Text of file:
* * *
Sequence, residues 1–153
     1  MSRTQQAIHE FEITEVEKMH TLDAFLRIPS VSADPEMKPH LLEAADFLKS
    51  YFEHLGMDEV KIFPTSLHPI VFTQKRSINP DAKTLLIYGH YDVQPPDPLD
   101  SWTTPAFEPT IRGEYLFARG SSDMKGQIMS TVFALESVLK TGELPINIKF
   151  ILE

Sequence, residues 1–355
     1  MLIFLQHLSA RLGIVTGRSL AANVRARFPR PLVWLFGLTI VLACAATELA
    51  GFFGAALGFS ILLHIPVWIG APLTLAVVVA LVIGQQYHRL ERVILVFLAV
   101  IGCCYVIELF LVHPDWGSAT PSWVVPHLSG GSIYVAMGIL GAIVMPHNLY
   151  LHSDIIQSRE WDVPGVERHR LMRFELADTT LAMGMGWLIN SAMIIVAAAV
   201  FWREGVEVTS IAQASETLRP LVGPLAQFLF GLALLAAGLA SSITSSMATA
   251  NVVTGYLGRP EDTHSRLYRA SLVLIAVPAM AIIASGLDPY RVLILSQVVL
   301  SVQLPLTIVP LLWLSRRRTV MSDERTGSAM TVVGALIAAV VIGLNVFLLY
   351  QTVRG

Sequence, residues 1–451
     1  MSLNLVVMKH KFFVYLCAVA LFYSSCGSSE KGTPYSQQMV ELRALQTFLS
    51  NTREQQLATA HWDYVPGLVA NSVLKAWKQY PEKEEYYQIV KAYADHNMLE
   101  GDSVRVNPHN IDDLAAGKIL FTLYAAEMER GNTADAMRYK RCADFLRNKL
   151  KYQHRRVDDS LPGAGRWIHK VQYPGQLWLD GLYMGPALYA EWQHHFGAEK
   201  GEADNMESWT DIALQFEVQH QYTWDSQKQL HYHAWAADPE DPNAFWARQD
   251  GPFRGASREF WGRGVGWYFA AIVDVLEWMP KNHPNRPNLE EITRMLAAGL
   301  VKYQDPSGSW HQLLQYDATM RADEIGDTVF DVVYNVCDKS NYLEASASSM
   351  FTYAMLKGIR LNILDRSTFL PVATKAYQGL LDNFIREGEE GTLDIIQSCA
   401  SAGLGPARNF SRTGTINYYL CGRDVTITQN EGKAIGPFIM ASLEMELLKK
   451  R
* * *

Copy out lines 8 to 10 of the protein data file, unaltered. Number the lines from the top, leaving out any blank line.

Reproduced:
    51  GFFGAALGFS ILLHIPVWIG APLTLAVVVA LVIGQQYHRL ERVILVFLAV
   101  IGCCYVIELF LVHPDWGSAT PSWVVPHLSG GSIYVAMGIL GAIVMPHNLY
   151  LHSDIIQSRE WDVPGVERHR LMRFELADTT LAMGMGWLIN SAMIIVAAAV